Motorcycle fatalities in NS show need for changes: advocacy group

Although police clocked him at 200 kph in a 60 zone, Jason Alan Dery has managed to hang on to his Ducati.
The Nova Scotia highways have been deadly for motorcyclists this year. Photo:
The Nova Scotia highways have been deadly for motorcyclists this year. Photo:

There have been eight motorcycle fatalities already in Nova Scotia this summer (according to their DOT), and a motorcycle advocacy group says this shows the government needs to change its safety campaign.

According to an article by the Canadian Press, Jimi Swinimer (president of the Bikers Down Society) believes the provincial government’s motorcycle safety campaign doesn’t work because it runs too early in the year. The government ran a safety campaign in Nova Scotia this year in the month of May, urging car drivers to watch out for motorcyclists.

Swinimer believes the campaign should run in June, because many riders aren’t on the roads earlier in the year because of the weather.

As well, he thinks the government needs more signs telling auto drivers to watch out for riders, as well as better training.


  1. As a tractor trailer driving instructor I note that everyone is quick to point a finger at cagers for being the cause of all the ills that befall motorcyclists. Maybe it’s time we looked at ourselves and took some responsibility for our own stupidity like the 3 gentlemen caught recently who lost their wheels (care of the OPP) because they were “cruising” in excess of 150 kph weaving in and out of traffic. Or the story of the idiot who had 3 consecutive rear enders and then blamed it on the cars for stopping when he least expected it. DUH!

    We are all aware that we ride with targets on our backs so why don’t we ride accordingly? I would hasten a guess that most of these riders were riding well beyond their abilities and probably weren’t paying attention. What I have seen most often is that stuipid begets stupid when a cager does something stupid and the offended rider has to ramp up the stupidity factor by trying to get even. 500lb bike versus 3000lb cage, HMM, I wonder who’s going to win that one.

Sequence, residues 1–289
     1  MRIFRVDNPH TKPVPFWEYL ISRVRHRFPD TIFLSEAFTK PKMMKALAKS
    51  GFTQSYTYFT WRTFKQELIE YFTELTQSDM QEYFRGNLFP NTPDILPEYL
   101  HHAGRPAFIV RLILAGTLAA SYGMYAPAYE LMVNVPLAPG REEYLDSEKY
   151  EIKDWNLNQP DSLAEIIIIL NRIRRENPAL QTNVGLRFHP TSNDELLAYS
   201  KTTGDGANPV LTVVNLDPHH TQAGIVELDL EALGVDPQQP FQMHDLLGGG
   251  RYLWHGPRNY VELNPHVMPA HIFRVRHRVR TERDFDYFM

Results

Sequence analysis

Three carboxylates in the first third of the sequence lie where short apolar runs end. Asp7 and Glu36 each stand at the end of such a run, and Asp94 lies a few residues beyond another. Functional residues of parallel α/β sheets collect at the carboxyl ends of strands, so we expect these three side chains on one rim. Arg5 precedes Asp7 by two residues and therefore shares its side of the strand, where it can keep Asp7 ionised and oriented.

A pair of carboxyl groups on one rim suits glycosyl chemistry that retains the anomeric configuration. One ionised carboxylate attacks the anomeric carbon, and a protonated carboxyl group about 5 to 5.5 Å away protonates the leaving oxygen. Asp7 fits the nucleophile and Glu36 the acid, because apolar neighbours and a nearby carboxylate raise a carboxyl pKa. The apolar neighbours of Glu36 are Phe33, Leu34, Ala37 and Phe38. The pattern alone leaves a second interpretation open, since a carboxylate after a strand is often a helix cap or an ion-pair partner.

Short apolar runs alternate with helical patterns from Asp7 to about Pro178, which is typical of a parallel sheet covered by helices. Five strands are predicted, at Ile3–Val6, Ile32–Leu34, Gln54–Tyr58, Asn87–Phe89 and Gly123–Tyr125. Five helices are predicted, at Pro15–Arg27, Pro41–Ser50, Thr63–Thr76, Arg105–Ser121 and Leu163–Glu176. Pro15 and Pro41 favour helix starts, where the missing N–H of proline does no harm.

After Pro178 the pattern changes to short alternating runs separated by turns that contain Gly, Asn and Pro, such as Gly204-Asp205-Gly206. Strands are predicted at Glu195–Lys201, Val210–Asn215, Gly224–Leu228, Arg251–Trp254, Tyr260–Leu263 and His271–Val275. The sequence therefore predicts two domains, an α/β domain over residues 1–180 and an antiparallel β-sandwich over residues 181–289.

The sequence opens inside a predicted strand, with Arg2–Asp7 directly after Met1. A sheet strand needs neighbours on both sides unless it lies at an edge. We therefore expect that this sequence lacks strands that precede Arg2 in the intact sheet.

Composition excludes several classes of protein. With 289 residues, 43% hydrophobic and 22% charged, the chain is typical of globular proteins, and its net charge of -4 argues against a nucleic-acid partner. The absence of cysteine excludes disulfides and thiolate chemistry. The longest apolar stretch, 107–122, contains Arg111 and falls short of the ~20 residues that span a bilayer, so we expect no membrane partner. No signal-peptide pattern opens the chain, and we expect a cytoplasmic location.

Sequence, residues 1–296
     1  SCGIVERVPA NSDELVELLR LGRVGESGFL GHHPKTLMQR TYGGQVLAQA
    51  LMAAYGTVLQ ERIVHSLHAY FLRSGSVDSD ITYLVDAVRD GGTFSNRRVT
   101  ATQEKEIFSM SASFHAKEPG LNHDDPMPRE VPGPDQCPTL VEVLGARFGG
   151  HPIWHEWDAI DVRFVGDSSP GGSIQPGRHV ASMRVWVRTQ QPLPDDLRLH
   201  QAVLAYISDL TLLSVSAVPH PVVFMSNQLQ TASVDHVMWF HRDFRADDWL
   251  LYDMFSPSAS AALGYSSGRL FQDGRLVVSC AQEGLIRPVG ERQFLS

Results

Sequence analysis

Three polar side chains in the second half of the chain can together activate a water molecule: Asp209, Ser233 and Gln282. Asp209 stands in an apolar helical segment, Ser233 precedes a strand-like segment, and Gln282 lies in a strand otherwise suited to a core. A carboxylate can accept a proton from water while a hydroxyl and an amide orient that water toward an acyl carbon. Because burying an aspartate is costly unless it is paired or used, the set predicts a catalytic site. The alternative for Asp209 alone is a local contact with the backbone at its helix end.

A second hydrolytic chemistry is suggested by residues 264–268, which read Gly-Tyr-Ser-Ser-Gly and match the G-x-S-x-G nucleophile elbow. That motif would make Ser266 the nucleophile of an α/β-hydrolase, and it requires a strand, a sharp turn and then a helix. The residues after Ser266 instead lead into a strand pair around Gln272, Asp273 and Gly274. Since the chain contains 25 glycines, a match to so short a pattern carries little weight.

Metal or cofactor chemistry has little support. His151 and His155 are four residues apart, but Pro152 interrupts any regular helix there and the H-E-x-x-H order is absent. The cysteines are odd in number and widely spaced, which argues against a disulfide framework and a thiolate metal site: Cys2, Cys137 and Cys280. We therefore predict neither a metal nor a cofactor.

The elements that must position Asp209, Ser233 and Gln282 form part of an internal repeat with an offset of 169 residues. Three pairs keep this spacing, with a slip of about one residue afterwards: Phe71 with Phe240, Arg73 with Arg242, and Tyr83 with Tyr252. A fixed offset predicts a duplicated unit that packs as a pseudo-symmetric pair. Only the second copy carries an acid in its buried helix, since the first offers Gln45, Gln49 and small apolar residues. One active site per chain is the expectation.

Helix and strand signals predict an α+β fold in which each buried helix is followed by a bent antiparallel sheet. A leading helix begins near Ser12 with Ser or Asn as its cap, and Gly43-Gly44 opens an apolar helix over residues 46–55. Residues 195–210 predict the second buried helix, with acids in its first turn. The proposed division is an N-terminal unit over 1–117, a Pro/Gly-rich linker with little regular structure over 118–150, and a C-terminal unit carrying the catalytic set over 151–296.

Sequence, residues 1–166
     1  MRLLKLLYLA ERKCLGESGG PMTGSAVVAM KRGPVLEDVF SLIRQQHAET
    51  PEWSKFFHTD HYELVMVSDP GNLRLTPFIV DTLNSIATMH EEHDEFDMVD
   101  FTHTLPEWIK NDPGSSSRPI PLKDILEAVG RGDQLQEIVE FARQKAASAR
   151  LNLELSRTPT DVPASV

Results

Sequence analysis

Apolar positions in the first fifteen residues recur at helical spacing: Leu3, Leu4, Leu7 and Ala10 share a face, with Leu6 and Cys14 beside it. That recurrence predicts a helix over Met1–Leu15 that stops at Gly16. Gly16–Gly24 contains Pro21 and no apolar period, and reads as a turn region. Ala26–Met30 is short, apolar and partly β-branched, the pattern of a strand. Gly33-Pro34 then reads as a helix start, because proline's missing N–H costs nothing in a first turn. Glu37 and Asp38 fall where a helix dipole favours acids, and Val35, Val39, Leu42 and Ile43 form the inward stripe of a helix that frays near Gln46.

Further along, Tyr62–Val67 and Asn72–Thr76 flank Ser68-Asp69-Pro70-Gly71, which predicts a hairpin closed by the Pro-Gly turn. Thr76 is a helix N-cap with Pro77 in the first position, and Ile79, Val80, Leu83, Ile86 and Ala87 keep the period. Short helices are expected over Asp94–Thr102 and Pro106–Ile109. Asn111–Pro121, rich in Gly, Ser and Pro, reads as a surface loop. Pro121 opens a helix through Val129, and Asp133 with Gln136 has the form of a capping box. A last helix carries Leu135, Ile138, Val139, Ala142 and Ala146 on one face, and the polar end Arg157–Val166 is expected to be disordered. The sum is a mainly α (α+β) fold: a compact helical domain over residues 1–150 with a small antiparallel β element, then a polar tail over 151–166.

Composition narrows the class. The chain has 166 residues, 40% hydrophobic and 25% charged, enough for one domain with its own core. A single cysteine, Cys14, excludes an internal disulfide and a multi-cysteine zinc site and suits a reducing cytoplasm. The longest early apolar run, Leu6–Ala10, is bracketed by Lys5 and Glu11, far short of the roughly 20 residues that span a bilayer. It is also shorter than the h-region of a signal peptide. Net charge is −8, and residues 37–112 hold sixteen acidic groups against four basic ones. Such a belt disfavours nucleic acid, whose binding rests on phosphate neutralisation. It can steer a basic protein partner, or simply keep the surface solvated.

A poster isn’t the answer, on-going training is. How many of us have taken refresher courses or advanced riding courses since we got our licenses? I’ll bet the number is pretty low.

    Ride safe and ride well!

  2. Warning signs and awareness campaigns accomplish little. The people that need that message the most, pay the least attention to them. Ontario’s infernal “stunt driving” legislation doesn’t work, either – because the majority of serious crashes involve right-of-way violations at much lower speeds (read the Hurt report – old info, but it ought to be mostly still true today). Short of forcing car drivers to get a motorcycle license first – wishful thinking – what’s needed is for penalties in right-of-way crashes to be severe enough to get people’s attention. Kill someone else with your vehicle (doesn’t matter pedestrian or bicyclist or whatever) – your driver’s license is done. Seriously injure someone else with your vehicle – big fine, and if you want your driver’s license back, start over from square one as if you were a teenage unlicensed driver. Redo your driver instruction, read the handbook, redo the tests. It seems like a lot of people have forgotten the right-of-way rules. No, forcing them to re-read the book won’t force them to follow the rules, but we ought to at least make people know what the rules are.

  3. As a motorcycle instructor with the Canada Safety Council, the more training riders can get he better. It seems strange that we are willing to spend tens of thousands of $$$ on our bikes, but will not spend $100 – $200 on ourselves to improve our riding skills and become a more aware, skilled, and safer rider.
    As well, in NS but other provinces s well, the section in the learners manuals concerning motorcycles is by-passed and not used in testing if the applicant is only applying for a beginners drivers license. Perhaps all beginners drivers licences should test on motorcycle information as well. We are all life long learners and continued training only makes us better! Just a Few thoughts to start a conversation.

  4. Is there any statistical proof that public motorcycle warning signs improve motorcycle safety?

    I’ve seen the signs in Toronto, and always think, kudos to someone for getting that done, but — other than a seemingly nice idea, do they actually do anything?

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